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In Frame 131, we looked at why the Chinese hospitality industry is adopting increasingly surreal aesthetic and spatial dynamics.
As the pandemic recasts the way many feel about their cities, we explore how urban design can bring more of our indoor life out into the open.
New aspects to our awards platform will include peer reviews and livestreamed jury discussions.
Made from animal blood, Jordan Eagles’ vibrantly visceral works have more to say about life than death.
Self-portraitist Levi van Veluw revisits his childhood – using only wooden blocks, balls and slats.
Curtains could be the solution for creating post-pandemic workspaces that feel safe, sensual and inspiring – spaces that feel neither fully open nor shut off.
As stores begin to reopen in some areas and remain shuttered (or have been reshuttered) in others, we hear three different perspectives on retail’s recovery.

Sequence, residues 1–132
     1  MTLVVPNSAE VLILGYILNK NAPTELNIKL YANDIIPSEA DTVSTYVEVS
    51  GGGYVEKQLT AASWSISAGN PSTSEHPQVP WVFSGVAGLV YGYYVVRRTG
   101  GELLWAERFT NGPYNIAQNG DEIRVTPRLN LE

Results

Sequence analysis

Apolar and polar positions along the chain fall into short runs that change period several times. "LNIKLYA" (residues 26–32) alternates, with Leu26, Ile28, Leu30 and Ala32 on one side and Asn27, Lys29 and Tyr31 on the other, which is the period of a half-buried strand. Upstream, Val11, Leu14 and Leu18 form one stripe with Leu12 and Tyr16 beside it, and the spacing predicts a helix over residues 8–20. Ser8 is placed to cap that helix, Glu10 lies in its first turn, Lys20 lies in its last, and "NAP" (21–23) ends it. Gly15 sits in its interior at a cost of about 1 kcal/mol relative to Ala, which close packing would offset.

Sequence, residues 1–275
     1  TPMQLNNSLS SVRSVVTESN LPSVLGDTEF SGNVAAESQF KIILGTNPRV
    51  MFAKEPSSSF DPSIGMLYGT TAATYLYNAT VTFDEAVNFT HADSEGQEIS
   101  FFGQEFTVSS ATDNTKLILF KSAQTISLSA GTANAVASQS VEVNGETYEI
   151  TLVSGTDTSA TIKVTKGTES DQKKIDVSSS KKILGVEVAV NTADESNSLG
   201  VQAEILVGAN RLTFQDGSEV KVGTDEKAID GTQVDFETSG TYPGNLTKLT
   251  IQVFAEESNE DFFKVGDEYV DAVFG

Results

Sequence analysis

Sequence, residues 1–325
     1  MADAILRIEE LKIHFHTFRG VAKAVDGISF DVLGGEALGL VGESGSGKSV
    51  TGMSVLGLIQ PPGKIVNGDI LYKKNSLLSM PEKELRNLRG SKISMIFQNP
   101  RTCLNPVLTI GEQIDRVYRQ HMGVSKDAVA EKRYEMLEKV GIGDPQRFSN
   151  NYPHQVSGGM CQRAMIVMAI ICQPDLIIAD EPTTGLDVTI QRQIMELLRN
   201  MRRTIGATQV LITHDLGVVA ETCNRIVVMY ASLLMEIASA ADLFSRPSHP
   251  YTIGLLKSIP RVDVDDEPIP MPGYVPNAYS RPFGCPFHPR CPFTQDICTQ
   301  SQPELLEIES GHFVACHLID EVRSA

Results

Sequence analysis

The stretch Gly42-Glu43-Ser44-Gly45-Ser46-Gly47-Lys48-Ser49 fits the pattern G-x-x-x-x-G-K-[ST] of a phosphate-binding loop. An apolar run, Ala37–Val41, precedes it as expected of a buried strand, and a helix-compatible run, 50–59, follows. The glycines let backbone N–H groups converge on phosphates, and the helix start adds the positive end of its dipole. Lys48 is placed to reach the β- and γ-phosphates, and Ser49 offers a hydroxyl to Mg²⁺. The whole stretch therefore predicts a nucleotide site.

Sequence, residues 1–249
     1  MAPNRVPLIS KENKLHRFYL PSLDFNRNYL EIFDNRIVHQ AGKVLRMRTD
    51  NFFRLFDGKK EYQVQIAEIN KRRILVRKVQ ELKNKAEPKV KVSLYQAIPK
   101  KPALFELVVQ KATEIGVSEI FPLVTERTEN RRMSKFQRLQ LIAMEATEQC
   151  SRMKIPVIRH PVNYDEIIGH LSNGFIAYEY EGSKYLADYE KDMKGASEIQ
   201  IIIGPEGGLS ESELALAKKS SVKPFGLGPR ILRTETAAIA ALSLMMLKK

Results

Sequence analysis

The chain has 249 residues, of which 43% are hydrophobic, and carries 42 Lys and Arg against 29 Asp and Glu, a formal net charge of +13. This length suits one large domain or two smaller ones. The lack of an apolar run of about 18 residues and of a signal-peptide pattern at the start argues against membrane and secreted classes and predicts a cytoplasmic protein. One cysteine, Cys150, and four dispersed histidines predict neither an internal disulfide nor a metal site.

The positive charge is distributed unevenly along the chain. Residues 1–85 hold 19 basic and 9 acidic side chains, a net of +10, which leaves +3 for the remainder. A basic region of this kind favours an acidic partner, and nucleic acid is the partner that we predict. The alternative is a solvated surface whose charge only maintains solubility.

Ergonomic designs from Vitra, Pedrali, Montana and more invite at-home workers to think about a more intentional office space.
Now, WeChat and Weibo users are able to gain insight from Frame’s innovative spatial-design content.
Shanghai – Automation – which has been suggested as one way to alleviate interaction between makers and goods – defines the design of Das Lab’s concept store for Holiland, one …
Reykjavík – Held in Reykjavík, The Climate is Changing. So Must Architecture. aimed to outline how ‘climate change should be embraced as the ultimate design challenge’.
Now that markets are beginning to reopen, new retail spaces are beginning to emerge in cities all over the world.
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